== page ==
Individuals who own empty properties in Angus, Scotland could soon face higher levels of tax following the announcement of new plans to impose empty home charges by Angus Council.
The local authority is attempting to clamp down on the number of unoccupied homes across its area and believes hitting owners in the pocket is one of the best ways to do this.
Issues that can arise due to a large number of empty homes in an area include an increased likelihood of antisocial behaviour, a growth in fly tipping, vandalism and the potential for squatters to move in.
As a result, the council is keen to disincentivise owners leaving their property unoccupied for any lengthy period and so have discussed a change in policy that will see the existing ten per cent council tax discount for empty properties scrapped in the near future, or potentially empty home charges.
In addition, council officials could also go much further in a bid to bring down the region’s large number of empty homes, with current proposals for a doubling of council tax on long-term empty homes being discussed.
There are a range of benefits associated with bringing long-term empty homes back into full-time use, both for local communities and the property’s owner.
A range of schemes have now been launched across the country to help bring as many currently empty properties back into use, including the provision of council-funded loans to homeowners to carry out renovations and repairs that would bring these properties back up to an acceptable living standard.
According to figures from Angus Council, a typical two-bedroom home that is renovated and made available for rent could generate £7,000 for the owner per year – providing a considerable financial incentive to having such work carried out.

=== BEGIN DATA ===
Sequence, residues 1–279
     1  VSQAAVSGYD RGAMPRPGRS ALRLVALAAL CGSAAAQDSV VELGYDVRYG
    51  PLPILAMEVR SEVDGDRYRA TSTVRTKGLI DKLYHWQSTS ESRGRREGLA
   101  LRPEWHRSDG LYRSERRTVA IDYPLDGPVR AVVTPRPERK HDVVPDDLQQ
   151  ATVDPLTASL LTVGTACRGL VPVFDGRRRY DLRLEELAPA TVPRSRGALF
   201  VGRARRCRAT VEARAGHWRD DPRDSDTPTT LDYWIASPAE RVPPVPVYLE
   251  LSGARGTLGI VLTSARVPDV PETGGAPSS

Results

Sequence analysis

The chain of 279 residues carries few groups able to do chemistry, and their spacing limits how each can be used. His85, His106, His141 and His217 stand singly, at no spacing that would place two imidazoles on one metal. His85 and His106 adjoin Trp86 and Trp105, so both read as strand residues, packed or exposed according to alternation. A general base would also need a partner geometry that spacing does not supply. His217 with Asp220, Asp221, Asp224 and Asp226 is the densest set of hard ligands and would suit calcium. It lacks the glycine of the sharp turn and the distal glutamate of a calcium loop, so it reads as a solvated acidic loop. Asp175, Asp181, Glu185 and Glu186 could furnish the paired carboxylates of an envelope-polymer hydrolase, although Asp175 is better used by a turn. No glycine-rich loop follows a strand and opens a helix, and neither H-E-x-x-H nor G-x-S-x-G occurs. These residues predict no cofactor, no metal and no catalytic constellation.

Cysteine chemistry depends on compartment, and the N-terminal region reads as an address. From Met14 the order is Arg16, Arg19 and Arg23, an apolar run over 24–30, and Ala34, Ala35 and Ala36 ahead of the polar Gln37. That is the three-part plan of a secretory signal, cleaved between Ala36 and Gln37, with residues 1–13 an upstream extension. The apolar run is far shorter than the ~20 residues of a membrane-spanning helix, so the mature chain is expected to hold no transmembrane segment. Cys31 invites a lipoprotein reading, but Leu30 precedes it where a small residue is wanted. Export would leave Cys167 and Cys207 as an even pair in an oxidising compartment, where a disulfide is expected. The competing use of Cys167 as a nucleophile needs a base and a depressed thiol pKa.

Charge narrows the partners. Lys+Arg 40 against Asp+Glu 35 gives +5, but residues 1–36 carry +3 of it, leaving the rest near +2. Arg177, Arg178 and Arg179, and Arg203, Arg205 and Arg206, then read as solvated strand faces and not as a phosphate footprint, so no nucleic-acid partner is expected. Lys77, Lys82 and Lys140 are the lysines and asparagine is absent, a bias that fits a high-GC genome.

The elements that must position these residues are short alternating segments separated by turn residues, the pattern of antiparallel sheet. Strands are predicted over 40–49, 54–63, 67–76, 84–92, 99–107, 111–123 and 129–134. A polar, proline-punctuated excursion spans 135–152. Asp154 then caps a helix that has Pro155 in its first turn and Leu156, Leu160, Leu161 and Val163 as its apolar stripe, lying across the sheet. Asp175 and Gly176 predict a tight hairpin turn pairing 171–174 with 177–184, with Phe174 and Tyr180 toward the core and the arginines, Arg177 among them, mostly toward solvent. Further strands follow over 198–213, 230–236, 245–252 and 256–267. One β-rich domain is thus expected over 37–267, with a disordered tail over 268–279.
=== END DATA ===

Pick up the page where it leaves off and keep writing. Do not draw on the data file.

Moreover, tackling the problem of empty properties will help to address the ongoing crisis in terms of available and suitable housing that continues to pervade many areas of the UK, while bringing more homes back into full-time use can also help to address issues of vandalism in an area.
At present, Angus Council is considering proposals for empty home charges, with potential costs for owners to stand at between £988 and £2,965 depending on the property’s banding.
It is a bold move by the local authority and one that could alienate some owners. However, it is a stance that will be applauded by those currently living in areas where empty homes are a considerable problem, as this is likely to attract additional investment in renovations to make the area as a whole a much nicer and more welcoming place to live.
Overall, the council has now received £120,000 in funding under the Scottish government’s ongoing Empty Homes Loan Fund, with this money available to property owners who wish to bring their property back into use.
Individuals considering leaving their property unoccupied for an extended period should look into the deals offered by our expert team at GSI Insurance Services (Southern) Limited regarding unoccupied building insurance.